| Article Access Statistics|
| Viewed||1727 |
| Printed||99 |
| Emailed||0 |
| PDF Downloaded||0 |
| Comments ||[Add] |
Click on image for details.
|Year : 1977 | Volume
| Issue : 4 | Page : 186-188
Hepatitis B antigen and venereal diseases (A preliminary study)
RS Shetty1, JP Bapat2, SH Joshi2, AJ Baxi2
1 Department of Obstetrics and Gynaecology, K.E.M. Hospital, Bombay-400012, India
2 B.G.R.C. Unit, Haffkine Institute, Bombay-400 012., India
R S Shetty
Department of Obstetrics and Gynaecology, K.E.M. Hospital, Bombay-400012
Source of Support: None, Conflict of Interest: None
226 volunteer donors and 320 cases of syphilis (with positive VDRL test) were screened for hepatitis B antigen (HBs Ag, Australia antigen). The incidence of hepatitis B antigen in these groups was 0.88% and nil respectively. The present data, though small in size do not indicate any positive correlation between HBsAg and syphilis-as claimed by other workers.
|How to cite this article:|
Shetty R S, Bapat J P, Joshi S H, Baxi A J. Hepatitis B antigen and venereal diseases (A preliminary study). J Postgrad Med 1977;23:186-8
| :: Introduction|| |
Large number of diseases have been investigated for the presence of hepatitis B antigen (HB S Ag, Australia antigen) following the discovery by Blumberg and his colleagues. , The age old hypothesis that serum hepatitis (type B) is transmitted through the parenteral route only has been belied after Krugman and his associates showed clearly that hepatitis F infection can be transmitted through faecal oral route also.  Recent studies , have suggested that HB S Ag and/or hepatitis B viral infection can be produced by sexual route. While Vranckx  and others have obtained evidence of a high rate of HB S Ag positivity (9.1%) among the cases of syphilis, there are other reports, , suggesting negative correlation of HB S Ag and venereal diseases.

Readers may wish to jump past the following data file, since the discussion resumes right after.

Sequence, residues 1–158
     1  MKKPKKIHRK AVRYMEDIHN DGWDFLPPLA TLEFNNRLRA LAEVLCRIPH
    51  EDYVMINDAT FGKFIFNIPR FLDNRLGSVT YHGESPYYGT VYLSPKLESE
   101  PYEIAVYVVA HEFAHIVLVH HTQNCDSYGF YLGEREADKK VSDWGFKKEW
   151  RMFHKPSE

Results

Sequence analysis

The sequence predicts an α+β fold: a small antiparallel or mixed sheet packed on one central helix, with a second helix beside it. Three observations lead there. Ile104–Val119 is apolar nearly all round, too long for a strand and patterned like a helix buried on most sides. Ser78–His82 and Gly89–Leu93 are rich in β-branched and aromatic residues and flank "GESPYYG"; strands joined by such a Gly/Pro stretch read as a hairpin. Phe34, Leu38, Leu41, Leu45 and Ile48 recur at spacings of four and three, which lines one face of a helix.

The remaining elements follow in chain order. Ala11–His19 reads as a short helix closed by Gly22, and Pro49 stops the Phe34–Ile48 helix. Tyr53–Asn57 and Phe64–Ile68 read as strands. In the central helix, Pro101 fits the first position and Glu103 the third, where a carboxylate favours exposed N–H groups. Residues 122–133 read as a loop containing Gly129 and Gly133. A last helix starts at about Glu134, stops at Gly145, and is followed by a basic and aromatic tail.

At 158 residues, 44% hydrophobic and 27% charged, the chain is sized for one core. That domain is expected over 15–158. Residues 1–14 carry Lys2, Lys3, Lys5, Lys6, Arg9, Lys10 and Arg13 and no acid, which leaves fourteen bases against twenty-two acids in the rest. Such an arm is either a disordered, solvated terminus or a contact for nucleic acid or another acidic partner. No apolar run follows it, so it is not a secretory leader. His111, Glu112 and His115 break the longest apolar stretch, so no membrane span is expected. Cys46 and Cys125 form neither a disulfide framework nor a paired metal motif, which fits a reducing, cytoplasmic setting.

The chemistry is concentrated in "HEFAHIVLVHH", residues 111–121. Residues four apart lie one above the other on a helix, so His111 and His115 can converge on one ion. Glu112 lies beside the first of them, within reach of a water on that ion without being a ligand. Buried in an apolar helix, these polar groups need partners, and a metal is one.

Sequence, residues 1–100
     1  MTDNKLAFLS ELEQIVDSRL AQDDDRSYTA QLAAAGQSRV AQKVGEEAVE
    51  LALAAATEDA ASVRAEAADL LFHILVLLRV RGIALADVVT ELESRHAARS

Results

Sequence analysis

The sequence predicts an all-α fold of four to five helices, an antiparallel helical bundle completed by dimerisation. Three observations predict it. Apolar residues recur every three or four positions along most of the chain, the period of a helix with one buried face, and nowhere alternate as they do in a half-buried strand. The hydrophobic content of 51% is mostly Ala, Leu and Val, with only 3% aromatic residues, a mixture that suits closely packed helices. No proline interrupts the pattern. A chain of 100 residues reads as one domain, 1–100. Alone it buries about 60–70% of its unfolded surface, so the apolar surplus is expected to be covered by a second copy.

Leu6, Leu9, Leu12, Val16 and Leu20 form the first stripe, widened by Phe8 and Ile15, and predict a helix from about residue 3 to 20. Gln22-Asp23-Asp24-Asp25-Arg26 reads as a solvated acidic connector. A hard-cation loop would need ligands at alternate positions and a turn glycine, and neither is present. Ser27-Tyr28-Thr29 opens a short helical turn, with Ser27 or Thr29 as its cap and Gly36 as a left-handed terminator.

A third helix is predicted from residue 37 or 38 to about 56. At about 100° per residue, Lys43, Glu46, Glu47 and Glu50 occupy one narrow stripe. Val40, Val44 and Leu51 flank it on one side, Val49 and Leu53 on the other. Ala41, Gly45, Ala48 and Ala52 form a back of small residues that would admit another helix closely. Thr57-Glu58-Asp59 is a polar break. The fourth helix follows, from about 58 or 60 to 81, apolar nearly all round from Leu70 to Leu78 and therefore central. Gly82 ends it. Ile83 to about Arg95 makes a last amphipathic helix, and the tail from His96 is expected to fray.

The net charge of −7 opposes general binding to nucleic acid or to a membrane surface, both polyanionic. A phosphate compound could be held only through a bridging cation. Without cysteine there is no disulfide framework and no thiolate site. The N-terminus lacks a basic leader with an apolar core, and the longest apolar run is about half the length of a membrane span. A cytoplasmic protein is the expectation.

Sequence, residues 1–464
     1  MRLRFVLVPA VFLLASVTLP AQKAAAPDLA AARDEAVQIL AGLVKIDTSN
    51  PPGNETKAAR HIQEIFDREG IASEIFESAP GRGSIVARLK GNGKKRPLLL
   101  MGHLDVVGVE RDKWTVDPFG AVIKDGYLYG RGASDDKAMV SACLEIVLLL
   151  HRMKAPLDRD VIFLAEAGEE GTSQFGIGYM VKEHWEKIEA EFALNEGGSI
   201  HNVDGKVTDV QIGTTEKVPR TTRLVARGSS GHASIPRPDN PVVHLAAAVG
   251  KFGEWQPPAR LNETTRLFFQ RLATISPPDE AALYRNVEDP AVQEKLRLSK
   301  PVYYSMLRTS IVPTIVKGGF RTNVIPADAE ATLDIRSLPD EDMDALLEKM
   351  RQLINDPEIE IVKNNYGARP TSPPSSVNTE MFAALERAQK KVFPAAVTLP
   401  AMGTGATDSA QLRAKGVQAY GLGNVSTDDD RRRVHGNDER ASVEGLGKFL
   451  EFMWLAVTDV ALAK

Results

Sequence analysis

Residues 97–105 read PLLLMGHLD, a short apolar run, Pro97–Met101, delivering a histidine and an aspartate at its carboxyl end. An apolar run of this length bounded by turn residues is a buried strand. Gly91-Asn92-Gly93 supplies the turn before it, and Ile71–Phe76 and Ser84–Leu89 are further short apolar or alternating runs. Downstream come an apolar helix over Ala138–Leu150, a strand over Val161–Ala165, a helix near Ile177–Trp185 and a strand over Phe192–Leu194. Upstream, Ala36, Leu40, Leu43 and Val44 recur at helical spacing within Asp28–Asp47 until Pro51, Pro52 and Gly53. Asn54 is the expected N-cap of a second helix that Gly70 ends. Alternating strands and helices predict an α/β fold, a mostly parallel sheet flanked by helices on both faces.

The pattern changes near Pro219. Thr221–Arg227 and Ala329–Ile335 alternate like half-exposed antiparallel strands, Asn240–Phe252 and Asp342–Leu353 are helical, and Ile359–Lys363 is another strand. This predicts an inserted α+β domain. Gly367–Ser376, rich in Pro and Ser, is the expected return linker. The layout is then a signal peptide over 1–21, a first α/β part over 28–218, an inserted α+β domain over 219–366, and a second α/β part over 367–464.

We have reported HB S Ag status in a number of disorders including viral hepatitis, cirrhosis, leukemia, lepromatous leprosy and renal diseases previously. ,,
The incidence of HB S Ag and anti HB S Ag in patients suffering from syphilis from Bombay is obtained in this preliminary communication.
| :: Material and Methods|| |
Blood samples were collected for the HB s Ag and anti HB S Ag detection from 226 healthy volunteer donors and 320 patients suffering from syphilis. Serologic tests specific for syphilis were done according to the standard routine testing (VDRL test).
Since the number of samples investigated is small no attempt has been made to classify the disorders. Clear separated serum was used for screening of HB S Ag and anti HB S Ag by counter immunoelectrophoresis (CEP) as outlined by Bapat et al.  Positive and negative controls were used with each batch of test samples.
| :: Results and Discussion|| |
No positive sample for HB s Ag was demonstrated among 320 patients of varying severity of syphilis. Under identical conditions, the healthy volunteer donors showed an incidence of 0.88%, which is in accord with earlier reports from this laboratory and others. ,, Absence of HB s Ag among patients of syphilis in the present study is rather surprising. A number of reports on the association of HB s Ag with venereal diseases including syphilis have appeared. ,, Positive association of high incidence of HB s Ag in venereal diseases have been shown by some workers-while a negative correlation was also reported. , The decreased cell mediated immunity has been held responsible for higher incidence of HB s Ag in several investigations.  Reasons for the absence of HB s Ag in the present study are obscure. However two possibilities exist.